# where do the solids go?

the answer re candle wax does not explain where the solids in the candle wax go.
Put differently: weigh 100 sq.ft. by 12 in of soil = weight A
Plant a tree and let it grow to maturity. Dig up the tree and burn it, roots and all. What is left is the inert material, weight B
Query: re-weigh A - is that weight now A minus B?
If yes - how is it that we can plant crops for years on end without the fields sinking?
(weight B)
If no - where does weight B come from?

Candle wax is basically methane (carbon and hydrogen) but in a stretched-out form; when burned, it reacts with oxygen and the byproducts are carbon dioxide and water (ideally, in practice you will also get carbon monoxide, soot and other hydrocarbons):

CH4 + 2 O2 = CO2 + 2 H2O

(replace CH4 with a longer chain form like C2H6, etc; these molecules are termed alkanes and have the formula CnH2n+2)

For your other question, trees convert carbon dioxide from the air and water from rain into glucose, which in turn is polymerized into cellulose. There are also minor nutrients that are taken from the soil, and in fact the soil will become depleted in these nutrients if you keep growing crops in the same area year after year without adding them back or adding fertilizer, but there won’t be much of an effect on the weight (not including soil erosion).

The solid candle becomes non-solid.

Are there solids in an ice cube? Where do they go when the ice melts?

If you’re referring to ‘solid’ as something other then solid wax, please define the term and prove that such matter remains solid under all physical conditions.

Yes. Why use 100 cubic feet of soil, a full grown tree, and a decade or two?

Why not an eight inch pot, a pothos, and a year, maximum? Then you could even do several experiments, instead of just one.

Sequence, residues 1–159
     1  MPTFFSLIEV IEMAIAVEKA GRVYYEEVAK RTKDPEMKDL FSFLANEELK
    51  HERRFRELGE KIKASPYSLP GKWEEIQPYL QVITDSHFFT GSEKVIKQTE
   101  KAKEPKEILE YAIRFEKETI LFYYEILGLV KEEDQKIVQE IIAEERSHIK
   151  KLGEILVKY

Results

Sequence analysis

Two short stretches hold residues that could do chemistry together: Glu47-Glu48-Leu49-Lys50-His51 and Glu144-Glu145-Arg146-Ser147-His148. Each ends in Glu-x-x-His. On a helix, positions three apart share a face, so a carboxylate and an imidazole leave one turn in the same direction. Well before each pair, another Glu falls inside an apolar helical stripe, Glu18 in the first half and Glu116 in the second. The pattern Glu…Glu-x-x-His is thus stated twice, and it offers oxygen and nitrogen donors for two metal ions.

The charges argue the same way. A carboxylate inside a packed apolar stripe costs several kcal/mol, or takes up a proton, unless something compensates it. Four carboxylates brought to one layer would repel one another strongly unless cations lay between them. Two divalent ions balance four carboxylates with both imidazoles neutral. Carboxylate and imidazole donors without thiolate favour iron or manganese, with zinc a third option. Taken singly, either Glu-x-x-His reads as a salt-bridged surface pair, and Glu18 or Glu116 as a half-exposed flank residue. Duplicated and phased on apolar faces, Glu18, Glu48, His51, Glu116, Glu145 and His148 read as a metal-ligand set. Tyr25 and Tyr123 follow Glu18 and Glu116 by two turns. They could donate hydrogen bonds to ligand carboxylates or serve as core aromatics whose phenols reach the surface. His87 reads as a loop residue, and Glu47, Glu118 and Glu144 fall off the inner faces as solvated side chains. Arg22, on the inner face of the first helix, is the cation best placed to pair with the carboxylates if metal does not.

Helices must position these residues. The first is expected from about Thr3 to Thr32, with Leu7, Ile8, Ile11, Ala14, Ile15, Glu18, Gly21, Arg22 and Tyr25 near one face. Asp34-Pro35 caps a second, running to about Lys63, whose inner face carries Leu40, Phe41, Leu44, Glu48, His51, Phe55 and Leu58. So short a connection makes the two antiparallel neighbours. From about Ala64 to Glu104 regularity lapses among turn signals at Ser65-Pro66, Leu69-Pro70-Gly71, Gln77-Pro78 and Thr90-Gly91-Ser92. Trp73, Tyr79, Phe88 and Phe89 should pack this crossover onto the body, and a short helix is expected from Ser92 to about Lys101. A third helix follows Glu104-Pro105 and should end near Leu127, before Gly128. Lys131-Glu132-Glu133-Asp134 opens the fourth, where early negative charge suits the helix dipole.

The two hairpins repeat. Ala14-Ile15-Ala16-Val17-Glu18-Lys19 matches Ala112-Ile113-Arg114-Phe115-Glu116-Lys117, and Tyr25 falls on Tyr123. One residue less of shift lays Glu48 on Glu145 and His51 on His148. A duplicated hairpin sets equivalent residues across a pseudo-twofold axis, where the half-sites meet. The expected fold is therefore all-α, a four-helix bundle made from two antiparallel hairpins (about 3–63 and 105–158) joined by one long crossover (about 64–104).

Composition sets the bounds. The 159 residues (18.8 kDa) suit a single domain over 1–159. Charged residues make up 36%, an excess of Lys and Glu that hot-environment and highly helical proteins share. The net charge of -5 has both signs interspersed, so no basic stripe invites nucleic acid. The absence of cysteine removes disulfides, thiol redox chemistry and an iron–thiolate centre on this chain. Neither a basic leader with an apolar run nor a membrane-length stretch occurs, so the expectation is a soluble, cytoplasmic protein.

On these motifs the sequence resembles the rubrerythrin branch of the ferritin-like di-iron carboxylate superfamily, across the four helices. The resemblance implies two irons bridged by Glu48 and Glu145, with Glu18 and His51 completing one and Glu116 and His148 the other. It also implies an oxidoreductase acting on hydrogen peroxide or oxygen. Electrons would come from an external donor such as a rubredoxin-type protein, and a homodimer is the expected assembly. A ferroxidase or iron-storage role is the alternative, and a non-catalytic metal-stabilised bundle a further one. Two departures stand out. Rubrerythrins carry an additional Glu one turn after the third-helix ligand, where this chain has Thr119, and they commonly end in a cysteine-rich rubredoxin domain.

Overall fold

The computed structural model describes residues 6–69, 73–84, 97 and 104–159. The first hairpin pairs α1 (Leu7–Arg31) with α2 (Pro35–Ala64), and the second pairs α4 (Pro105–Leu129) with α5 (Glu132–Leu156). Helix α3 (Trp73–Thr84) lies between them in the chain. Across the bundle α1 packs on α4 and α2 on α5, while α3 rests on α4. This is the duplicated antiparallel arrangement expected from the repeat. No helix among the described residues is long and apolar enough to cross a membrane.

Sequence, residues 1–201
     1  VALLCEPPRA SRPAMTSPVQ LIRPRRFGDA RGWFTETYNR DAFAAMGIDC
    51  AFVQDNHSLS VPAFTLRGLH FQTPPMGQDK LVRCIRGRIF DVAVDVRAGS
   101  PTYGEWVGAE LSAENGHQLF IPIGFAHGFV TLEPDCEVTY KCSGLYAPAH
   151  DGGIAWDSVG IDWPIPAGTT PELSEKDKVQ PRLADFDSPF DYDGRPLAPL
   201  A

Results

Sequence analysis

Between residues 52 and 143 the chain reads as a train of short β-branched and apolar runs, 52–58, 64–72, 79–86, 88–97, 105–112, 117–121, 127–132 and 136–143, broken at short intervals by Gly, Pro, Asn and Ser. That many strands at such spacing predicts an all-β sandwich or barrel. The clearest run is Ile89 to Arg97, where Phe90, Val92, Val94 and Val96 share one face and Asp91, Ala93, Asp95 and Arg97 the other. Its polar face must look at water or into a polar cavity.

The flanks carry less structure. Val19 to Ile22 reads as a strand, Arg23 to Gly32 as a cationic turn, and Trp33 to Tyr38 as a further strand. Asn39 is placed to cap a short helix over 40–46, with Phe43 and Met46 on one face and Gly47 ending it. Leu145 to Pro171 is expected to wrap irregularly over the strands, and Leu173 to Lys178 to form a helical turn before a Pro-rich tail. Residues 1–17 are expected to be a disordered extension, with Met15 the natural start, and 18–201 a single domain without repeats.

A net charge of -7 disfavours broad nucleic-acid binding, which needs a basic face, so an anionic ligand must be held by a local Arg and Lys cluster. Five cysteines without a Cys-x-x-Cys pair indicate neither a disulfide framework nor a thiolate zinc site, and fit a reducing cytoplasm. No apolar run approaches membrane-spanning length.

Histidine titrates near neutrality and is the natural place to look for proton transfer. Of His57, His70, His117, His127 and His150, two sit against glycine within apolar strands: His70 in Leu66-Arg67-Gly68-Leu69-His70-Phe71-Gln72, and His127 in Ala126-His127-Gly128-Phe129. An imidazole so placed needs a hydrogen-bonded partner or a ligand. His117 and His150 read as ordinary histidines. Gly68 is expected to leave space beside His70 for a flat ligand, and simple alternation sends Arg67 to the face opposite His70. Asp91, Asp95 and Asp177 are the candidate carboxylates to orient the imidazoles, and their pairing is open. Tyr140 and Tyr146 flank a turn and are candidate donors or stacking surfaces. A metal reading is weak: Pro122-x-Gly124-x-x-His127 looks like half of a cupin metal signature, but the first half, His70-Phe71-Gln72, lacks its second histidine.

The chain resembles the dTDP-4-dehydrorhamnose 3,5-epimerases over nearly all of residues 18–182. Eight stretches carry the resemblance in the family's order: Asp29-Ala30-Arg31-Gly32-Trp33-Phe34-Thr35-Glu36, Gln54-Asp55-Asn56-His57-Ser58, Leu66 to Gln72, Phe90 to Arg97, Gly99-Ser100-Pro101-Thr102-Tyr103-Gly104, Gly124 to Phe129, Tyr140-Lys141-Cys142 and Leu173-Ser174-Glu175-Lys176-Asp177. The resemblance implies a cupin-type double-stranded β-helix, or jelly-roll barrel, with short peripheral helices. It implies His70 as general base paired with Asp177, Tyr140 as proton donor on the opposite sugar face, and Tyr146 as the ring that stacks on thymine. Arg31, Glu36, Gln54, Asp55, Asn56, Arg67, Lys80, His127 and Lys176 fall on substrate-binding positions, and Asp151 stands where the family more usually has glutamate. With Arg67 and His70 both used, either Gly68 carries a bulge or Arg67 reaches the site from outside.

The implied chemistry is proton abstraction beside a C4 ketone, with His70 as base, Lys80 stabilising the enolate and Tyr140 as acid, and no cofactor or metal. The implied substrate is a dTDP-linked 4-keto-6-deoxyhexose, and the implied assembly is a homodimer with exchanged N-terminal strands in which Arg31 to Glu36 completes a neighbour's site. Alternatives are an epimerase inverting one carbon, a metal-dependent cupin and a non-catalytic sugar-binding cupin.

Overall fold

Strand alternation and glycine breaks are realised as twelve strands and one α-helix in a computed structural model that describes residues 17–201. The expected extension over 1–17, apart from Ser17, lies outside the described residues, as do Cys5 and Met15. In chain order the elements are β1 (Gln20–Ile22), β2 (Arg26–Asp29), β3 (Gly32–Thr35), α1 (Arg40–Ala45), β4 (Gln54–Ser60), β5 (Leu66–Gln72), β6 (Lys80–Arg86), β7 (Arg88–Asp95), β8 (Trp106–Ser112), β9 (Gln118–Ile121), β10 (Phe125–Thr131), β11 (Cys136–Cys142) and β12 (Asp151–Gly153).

It’s been done. The weight of the soil does decrease, but very little. The additional material in plant is from carbon dioxide in the air and water.

Right. Most of the mass of the tree comes from air and water. Specifically, by photosynthesis the plant takes carbon dioxide and water and sunlight, and turns that into sugar. The sugar is then chained together to form cellulose. So a tree’s mass comes literally from the air. There are some minerals, equivalent in weight to the small amount of ash left over when wood is completely burned. But most of the tree turns back into carbon dioxide and water when combined with oxygen.

Same thing with a candle. The CH3-CH2-CH2-CH2…CH2-CH2-CH3 chains in the wax or parrafin combine with lots of O2 to form CO2 and H2O. Since the H2O is hot, it is vapor. But if you hold a cold surface above the burning candle, the gaseous water will cool and condense as liquid water.

And a small amount of the liberated carbon doesn’t oxidize, which is why that cold surface will also accumulate a small amount of soot. So, I suppose, some of the process of burning solid paraffin produces a solid condensate (soot).

Welcome to the Straight Dope Message Boards, grempa, we’re glad you found us. For future ref, when you start a thread, it’s helpful to other readers to provide a link to the column in question. Saves search time, avoids (some) confusion, and helps keep us on the same page. No biggie, you’ll know for next time. And, as I say, welcome!